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by Van Yandell

Romans 8:1-2
“Therefore, there is now no condemnation for those who are in Christ Jesus, because through Christ Jesus the law of the Spirit who gives life has set you free from the law of sin and death.”

I became acquainted with Charles in the late 1980s. He was a World War II veteran who joined the United States Army immediately after the Pearl Harbor attack on December 7, 1941. Charles shared stories of his experiences on D-Day and in France and Germany in the 1940s. Without adequate food and medicine, he and thousands of his brothers in arms endured conditions that many in today’s generations would refuse to consider.

Months of exposure to freezing temperatures, sleepless nights, and clothing incapable of withstanding the bitter cold made their suffering incomprehensible. Resistance to diseases was at a low point in their lives, and many died of pneumonia and other respiratory conditions. Their hardships compounded upon each other, and the chance of survival was minimal. Some historians believe more died from the harsh conditions than from enemy fire. The presence of the Nazis, intent on their death, was ever-present.

For the millions of Americans who take our freedom for granted, it most certainly wasn’t free. The amendments to our precious United States Constitution state many of those freedoms that were bought by those who endured the hardships of war. Freedom was paid for with the blood and lives of millions of Americans. To shrug off their sacrifices is unconscionable. Using our precious flag as an article of clothing or tablecloth is as un-American as burning it. The flag is a symbol of freedom, but to those who desecrate it, the level of pure ignorance is beyond imagination.

World War II claimed over 400,000 American lives. From the Revolutionary War (1776-1783) until the present, over 1.3 million lives have been lost in wars. Countless others have come home with missing limbs, paralyzed, or suffering from Post-Traumatic Stress Disorder (PTSD). The mental anguish of living through war experiences has perpetuated thousands of suicides among veterans. Twenty-two servicemen die from suicide every day in America. While fireworks are a dynamic part of the celebration of our Independence Day, many combat veterans find them distressing and triggering, accelerating their PTSD, according to Veterans Affairs.

Since the 9-11 terrorist attacks, over 30,000 active military personnel and veterans have taken their own lives. Many more have died by suicide than have been killed in action. The suffering to preserve our freedoms has been unimaginable to today’s Americans, preoccupied with hedonistic pursuits. We certainly do not desire another war to wake up our country to the price paid for our personal, religious, and organizational rights. To those who understand, we must tell those who do not.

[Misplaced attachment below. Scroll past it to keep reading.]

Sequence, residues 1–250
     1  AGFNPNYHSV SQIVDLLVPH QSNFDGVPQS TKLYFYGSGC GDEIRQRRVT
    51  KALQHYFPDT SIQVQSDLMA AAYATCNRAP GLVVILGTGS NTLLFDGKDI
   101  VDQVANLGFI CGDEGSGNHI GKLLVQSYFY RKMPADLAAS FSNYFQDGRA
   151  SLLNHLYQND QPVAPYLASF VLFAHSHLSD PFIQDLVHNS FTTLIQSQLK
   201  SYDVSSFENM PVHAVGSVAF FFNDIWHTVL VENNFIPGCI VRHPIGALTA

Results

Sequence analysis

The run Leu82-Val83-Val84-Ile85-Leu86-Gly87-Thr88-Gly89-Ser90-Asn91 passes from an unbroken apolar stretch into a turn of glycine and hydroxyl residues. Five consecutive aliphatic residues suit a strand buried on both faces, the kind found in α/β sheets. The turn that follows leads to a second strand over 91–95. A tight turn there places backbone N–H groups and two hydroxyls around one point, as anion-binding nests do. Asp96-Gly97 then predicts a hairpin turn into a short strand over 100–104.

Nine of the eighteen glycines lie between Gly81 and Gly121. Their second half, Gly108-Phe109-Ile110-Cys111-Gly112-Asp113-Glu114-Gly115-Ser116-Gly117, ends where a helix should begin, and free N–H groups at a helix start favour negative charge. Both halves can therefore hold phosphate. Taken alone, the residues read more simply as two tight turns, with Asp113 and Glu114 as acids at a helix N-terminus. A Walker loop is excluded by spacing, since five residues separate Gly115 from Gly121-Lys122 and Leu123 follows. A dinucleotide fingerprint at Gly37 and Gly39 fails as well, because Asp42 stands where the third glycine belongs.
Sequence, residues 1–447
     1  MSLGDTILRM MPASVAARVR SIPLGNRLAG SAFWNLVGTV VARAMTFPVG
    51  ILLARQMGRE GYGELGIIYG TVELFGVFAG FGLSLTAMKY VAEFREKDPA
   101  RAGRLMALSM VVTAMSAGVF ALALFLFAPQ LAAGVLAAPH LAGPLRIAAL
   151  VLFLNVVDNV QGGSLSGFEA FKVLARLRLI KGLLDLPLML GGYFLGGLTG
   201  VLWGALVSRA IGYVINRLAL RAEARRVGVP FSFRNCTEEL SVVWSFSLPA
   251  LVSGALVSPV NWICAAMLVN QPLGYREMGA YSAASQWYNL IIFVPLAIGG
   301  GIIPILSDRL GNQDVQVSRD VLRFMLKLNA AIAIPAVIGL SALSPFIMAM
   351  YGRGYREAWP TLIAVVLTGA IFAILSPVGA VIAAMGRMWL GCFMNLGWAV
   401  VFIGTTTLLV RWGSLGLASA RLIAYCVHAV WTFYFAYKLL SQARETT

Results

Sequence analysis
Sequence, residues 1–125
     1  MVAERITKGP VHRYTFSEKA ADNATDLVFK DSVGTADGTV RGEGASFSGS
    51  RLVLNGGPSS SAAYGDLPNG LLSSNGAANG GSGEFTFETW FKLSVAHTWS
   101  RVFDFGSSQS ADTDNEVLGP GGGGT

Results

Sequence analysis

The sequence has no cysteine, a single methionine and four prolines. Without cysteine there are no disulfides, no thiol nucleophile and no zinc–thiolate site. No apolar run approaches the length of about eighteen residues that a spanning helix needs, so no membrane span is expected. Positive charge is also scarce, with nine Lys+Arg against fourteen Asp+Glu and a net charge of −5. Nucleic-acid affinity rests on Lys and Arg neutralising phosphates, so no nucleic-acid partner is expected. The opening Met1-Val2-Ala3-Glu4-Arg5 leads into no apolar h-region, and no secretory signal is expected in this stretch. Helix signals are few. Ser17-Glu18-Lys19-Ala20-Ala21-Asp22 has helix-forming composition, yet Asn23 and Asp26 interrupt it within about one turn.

Matthew 24:6
“And ye shall hear of wars and rumors of wars: see that ye be not troubled: for all these things must come to pass, but the end is not yet.”

Based on scripture and the concept of man’s inhumanity to man, wars are and will continue to be a part of human existence. This does not make them necessary or make the servicemen any lesser heroes. Even God initiated wars between the Israelites and their enemies. God, of course, did not consider them enemies for political or imperialistic reasons as men do. It was because of their idolatry, and He did not want His people influenced by them.

Deuteronomy 20:17
“But thou shalt utterly destroy them; namely, the Hittites, and the Amorites, the Canaanites, and the Perizzites, the Hivites, and the Jebusites; as the LORD thy God hath commanded thee.”

God will not tolerate being usurped by idols. While we in America must memorialize, care for, and admire the sacrifice of our veterans, all glory belongs to our Creator. Freedom is a cherished possession. As much as we enjoy our freedoms in our earthly existence, we have an eternal freedom that surpasses anything we could ever imagine.

The Old Testament Jew lived according to the laws of Moses stated in Exodus, Leviticus, and Deuteronomy. In order to receive atonement for sin, they were required to offer a blood sacrifice on an altar, such as in the Jerusalem Temple on Mt. Moriah.

John 1:17
“The law was given by Moses, but grace and truth came through Christ Jesus.” This verse gives us the greatest definition in the Holy Bible of the change for all mankind that Jesus made. No longer is anyone in the bondage of the law, but we have a freedom bought by the blood of Christ Jesus on the cross.

By being born of a virgin (Matthew 1:31) and living a perfect, sinless life (1 Peter 2:22), He was willing to offer Himself as a blood sacrifice for the sins of the world. We must always teach that eternal salvation is attained by a faith-based belief (Ephesians 2:8) in Christ Jesus crucified (Matthew 27:35) for the remission of sin (1 John 1:9) and resurrected (Matthew 28:6). We have freedoms many do not accept, realize, appreciate, or believe. Our servicemen, such as my friend Charles, paid a very dear price for our earthly freedoms. Christ Jesus suffered a horrible death on the Cross of Calvary for our eternal freedom from sin.

John 15:13
“Greater love hath no man than this, that a man lay down his life for his friends.” Remember, the only ones to ever lay down their lives for you were Jesus and the American serviceman.

Van Yandell is a retired Industrial Arts teacher, an ordained gospel evangelist, and a commissioned missionary.

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